Umpqua, Houston, and Corporate Insanity

Wallace Henley Portrait
Wallace Henley is an exclusive CP columnist. |

Insanity is repeating the same mistakes and expecting different results.

It's hard to nail down who said that originally, but current events reveal the truth behind the idea.

Much of corporate and institutional America appears to be certifiable. Mavens and sages of the current cultural consensus have gone wacky. They are so drunk with the passion for a human-created paradise they mistake dystopia for utopia, chaos for cosmos, cacophony for harmony, fragmentation for unity, and mobocracy for democracy.

That's just for starters.

From the White House, Congress, and Supreme Court down, the American elite has gone mad. The president of the United States seems to see Vladimir Putin cloaked in good intentions, and the Iranians as wide-eyed innocents. The Congress has succumbed to the illusion that Obama is king rather than constitutionally controlled president. The Supreme Court believes it can overrule God and Genesis.

Are these people crazy or not?

Some leaders and their followers are like wild old King Nebuchadnezzar on his all-fours in the wilderness, utterly out of touch with his true identity. Yet others are as blind as Catherine the Great on a quick and blissful ride through a Potemkin Village waving at the "happy" peasants. A few even approach the mental disconnect of King George III when, according to his court physician, the nature-loving monarch tried to sow a slab of beef in the ground so he might have a steak vine, and was caught shaking hands with a tree the King thought was Frederick the Great of Prussia.

Presently we have Dr. Riva Cavin, president of Umpqua Community College, assaulted October 1 not by a crazy man, but by an evil man.

"It is a tragedy, and it's an anomaly," she said. "We have a beautiful, warm, friendly, loving campus and we intend to keep it that way."

An "anomaly"? This comes perilously close to Jeb Bush's horrifically reductive and perhaps unintentionally insensitive statement about the atrocity, "stuff happens."

How will President Cavin keep warmth and friendliness on her campus? By hanging more "gun-free' signs around the campus? By scrawling platitudes about coexistence and harmony in all the classrooms? By making vast murals of the workers and the students marching together into a bright new future, like I saw on the walls of old Soviet-era factories and schools right after the collapse of communism? Might she also consider adding "armed security" to the coziness?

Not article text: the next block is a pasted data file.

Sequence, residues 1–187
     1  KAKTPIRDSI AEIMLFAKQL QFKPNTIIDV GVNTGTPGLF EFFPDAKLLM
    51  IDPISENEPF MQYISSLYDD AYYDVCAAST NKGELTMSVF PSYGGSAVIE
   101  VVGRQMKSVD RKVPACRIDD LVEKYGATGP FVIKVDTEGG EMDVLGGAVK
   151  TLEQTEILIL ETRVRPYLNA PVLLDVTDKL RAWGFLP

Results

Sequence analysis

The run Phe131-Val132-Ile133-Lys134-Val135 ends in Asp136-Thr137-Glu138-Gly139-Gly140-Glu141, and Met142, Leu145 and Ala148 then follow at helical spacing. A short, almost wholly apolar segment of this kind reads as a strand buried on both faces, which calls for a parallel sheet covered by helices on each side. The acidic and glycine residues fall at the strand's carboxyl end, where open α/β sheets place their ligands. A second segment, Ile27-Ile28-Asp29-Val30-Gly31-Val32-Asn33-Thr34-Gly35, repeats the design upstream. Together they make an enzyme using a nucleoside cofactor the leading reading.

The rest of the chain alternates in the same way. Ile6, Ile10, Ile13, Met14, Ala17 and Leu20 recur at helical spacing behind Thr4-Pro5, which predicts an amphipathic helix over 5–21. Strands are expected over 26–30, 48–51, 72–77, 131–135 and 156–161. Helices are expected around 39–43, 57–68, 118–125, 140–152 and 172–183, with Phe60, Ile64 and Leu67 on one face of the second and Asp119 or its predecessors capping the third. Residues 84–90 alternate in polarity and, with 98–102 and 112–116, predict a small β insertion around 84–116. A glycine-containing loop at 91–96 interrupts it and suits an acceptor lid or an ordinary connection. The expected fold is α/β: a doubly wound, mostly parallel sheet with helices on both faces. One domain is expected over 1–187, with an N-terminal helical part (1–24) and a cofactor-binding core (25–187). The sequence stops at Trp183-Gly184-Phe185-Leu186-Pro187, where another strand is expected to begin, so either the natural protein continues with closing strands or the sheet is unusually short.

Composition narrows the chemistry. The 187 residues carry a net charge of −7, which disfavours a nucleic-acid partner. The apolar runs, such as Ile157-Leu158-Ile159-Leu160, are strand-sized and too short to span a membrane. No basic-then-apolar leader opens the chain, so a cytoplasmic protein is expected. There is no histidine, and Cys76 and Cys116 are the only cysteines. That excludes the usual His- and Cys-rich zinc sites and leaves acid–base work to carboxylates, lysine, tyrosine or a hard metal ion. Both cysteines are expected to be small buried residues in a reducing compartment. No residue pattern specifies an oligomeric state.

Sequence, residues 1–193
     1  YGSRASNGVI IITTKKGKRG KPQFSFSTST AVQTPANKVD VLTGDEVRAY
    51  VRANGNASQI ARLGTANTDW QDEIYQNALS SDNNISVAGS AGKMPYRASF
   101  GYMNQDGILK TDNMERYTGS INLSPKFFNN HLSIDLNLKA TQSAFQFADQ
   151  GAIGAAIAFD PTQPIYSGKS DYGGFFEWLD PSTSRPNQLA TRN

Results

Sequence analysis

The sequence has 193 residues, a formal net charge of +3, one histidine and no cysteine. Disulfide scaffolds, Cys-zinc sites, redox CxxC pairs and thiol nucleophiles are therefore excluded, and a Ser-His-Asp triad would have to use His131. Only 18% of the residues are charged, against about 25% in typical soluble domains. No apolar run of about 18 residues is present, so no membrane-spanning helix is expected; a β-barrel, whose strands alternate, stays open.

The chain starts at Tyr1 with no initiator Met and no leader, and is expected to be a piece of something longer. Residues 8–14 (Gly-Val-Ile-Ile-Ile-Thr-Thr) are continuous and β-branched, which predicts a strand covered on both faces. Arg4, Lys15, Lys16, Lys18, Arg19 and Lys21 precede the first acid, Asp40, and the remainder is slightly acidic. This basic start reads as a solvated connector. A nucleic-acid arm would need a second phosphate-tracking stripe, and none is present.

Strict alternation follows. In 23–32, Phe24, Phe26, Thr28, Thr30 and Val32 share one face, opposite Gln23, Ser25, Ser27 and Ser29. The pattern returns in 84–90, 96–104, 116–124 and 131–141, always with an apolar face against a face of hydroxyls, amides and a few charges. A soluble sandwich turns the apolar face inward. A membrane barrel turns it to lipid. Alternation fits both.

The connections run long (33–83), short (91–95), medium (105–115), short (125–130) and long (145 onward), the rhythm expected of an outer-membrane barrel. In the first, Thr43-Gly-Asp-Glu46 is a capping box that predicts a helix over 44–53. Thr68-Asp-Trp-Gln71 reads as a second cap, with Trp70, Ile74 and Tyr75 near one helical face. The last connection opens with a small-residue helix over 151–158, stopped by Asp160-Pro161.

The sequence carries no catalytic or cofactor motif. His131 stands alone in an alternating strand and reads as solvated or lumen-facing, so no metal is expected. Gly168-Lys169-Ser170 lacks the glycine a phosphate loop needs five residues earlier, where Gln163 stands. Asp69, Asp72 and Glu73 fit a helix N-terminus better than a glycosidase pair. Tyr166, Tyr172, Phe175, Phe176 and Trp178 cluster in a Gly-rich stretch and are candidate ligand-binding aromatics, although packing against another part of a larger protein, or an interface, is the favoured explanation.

Institutional insanity — that's the only way to describe it.

Meanwhile Houston Mayor Annise Parker continues to campaign relentlessly for the right of men who feel more like females to use women's restrooms. Proposition 1 is up for votes November 3, and the mayor and her legions are trying to hold on to their hapless fellow travelers. This, by the way, is the infamous cause that prompted Mayor Parker to try to subpoena five pastors' sermons and notes to see if they had dared try to motivate their people to resist the regime's proposed restroom policies.

And here's where the corporate crazies hop on the bandwagon. Several major corporations constituting Houston's economic powers are backing Mayor Parker. One supposes that, as in other situations related to homosexual issues, dissident employees of those companies will be threatened with termination or re-education.

Crazy. Insane.

Bible-believing people are often accused of being out of touch, of not living in the "real world." Actually, the biblical worldview is stark reality because it acknowledges that "all have sinned and come short of the glory of God." (Romans 3:23) The perpetuators of corporate and institutional insanity do all possible to deny that fact, drawing from their glossaries of madness all kinds of words and phrases to deny the fact of fallen human nature and its distortion of the image of God, as well as the repudiation of the actuality of sin itself.

The denial of original sin has driven most of history's lapses into social and cultural insanity. Eighteenth century belief in the essential goodness of human nature and the perfectibility of man contributed to the madness of the French Revolution. In 1917, after Communists came to power in Russia, they wanted to eradicate bourgeois morality but then had to face the destruction of the family and growing levels of illegitimacy, increasing numbers of orphans, and the resulting social chaos.

Cultural insanity can be healed as the church returns to the "whole counsel" of God, which includes frank teaching about Hell. Society has forgotten that sin has consequences both in the present and eternity. Surely Umpqua and all the other atrocities we have seen in just the past few months show us that.

Long ago psychotherapist Karl Menninger asked, in a profound book, "Whatever Became of Sin?" Menninger's concern was that to deny sin is to deny the potential for forgiveness and resolution. Apart from that, Menninger recognized, there can be no healing. That was also the view of noted Swiss psychologist Paul Tournier.

A loss of reverence for God combined with a loss of belief in sin and Hell is a deadly combination. Individuals, their institutions, corporations, and nations will become increasingly dystopian without a frank confrontation and acceptance of the hard and "inconvenient" facts about human nature and its need for redemption.

Wallace Henley, a former Birmingham News staff writer, was an aide in the Nixon White House, and congressional chief of staff. He is a teaching pastor at Second Baptist Church, Houston, Texas. He is a regular contributor to The Christian Post.

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